Planetary Chemical Analysis and Astrobiology
The goal of our main research is to understanding how potential chemical biosignatures on the surface of Mars would be altered or destroyed when exposed to solar ultraviolet radiation in the presence of various oxychlorines and their intermediate formation products. Knowing the potential products of biosignature alteration will help in identifying what type of compounds and where to look for them in the search for life on Mars.
Our secondary area of research is focused on developing in-situ analytical instrumentation that is designed to unambiguously detect microbial life and determine the habitability of planetary environments that may be present at the surface and subsurface of Mars, and the oceans of icy-worlds such as Saturn's moon Enceladus or Jupiter's moon Europa.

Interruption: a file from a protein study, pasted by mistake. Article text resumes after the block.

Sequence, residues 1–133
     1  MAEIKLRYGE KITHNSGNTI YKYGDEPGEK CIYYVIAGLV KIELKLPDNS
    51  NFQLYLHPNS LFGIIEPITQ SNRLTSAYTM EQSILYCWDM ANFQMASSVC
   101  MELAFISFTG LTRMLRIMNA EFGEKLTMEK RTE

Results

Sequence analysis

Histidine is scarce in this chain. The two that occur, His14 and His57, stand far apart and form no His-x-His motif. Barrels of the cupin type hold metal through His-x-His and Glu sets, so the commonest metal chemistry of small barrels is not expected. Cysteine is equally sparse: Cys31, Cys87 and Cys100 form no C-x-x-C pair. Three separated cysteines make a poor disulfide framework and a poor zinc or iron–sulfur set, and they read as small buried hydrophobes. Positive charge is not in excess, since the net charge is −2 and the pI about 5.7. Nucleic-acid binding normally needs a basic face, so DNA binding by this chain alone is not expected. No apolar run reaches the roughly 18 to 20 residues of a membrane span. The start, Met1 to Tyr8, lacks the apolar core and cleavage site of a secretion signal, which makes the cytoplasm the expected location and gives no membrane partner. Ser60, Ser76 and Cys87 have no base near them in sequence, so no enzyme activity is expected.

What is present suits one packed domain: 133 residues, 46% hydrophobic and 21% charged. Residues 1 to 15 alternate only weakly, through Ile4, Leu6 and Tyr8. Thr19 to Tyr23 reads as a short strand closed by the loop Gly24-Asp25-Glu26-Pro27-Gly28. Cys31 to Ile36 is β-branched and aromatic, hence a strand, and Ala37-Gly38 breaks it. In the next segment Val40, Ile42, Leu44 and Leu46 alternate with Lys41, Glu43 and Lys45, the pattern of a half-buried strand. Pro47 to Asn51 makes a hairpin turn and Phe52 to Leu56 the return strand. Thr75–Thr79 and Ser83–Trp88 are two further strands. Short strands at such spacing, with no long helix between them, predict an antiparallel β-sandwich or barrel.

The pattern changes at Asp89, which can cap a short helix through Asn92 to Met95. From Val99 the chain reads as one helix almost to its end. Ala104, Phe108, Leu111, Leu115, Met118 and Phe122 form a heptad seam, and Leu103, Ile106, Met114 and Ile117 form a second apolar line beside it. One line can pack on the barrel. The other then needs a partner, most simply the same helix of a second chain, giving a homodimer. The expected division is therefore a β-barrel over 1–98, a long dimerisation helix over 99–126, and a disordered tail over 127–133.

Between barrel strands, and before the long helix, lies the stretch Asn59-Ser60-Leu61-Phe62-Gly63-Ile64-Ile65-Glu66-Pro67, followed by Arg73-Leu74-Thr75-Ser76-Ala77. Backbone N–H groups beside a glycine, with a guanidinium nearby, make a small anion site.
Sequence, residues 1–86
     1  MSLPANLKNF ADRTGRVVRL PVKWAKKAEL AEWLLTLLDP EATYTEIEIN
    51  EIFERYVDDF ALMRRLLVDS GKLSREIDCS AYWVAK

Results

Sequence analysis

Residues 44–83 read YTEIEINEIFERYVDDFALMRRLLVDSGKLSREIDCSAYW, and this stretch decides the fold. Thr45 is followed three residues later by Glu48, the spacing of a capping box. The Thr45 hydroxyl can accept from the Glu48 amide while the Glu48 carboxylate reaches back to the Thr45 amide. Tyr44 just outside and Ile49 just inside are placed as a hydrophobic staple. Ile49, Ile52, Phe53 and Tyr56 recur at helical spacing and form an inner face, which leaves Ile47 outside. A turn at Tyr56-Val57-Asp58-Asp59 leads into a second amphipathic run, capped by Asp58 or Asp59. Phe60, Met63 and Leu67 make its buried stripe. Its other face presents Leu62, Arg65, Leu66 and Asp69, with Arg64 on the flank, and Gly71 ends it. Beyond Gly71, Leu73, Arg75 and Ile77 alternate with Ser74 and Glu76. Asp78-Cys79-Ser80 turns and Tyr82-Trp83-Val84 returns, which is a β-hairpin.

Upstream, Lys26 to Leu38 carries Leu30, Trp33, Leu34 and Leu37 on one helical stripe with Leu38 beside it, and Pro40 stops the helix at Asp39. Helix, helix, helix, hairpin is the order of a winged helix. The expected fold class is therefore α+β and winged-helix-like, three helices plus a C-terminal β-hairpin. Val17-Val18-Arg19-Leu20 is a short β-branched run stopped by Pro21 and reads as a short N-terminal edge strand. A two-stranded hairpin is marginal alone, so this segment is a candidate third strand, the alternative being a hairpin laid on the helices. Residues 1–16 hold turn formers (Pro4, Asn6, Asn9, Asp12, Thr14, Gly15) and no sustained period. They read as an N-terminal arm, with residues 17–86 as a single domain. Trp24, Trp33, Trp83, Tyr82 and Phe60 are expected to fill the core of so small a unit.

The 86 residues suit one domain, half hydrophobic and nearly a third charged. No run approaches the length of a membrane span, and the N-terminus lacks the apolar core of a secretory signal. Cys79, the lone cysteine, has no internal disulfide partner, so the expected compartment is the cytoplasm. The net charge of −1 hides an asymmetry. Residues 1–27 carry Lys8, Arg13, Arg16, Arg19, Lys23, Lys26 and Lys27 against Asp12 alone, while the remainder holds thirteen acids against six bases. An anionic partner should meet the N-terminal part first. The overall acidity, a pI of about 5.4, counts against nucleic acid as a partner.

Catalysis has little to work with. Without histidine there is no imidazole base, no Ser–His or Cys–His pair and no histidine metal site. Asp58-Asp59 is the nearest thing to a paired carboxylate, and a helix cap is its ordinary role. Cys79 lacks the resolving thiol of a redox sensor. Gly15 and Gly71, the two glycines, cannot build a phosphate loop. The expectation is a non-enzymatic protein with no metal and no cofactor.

et al., 2022, Microbial Growth in Martian Soil Simulants Under Terrestrial Conditions: Guiding the Search for Life on Mars, Astrobiology, Vol:22, ISSN:1531-1074, Pages:1210-1221
et al., 2022, Science Objectives for Flagship-Class Mission Concepts for the Search for Evidence of Life at Enceladus, Astrobiology, Vol:22, ISSN:1531-1074, Pages:685-712
Liu D, Kounaves SP, 2021, Degradation of amino acids on Mars by UV irradiation in the presence of chloride and oxychlorine salts, Astrobiology, Vol:21, ISSN:1531-1074, Pages:793-801
et al., 2021, Microbial Hotspots in Lithic Microhabitats Inferred from DNA Fractionation and Metagenomics in the Atacama Desert, Microorganisms, Vol:9
et al., 2021, The Enceladus Orbilander Mission Concept: Balancing Return and Resources in the Search for Life, Planetary Science Journal, Vol:2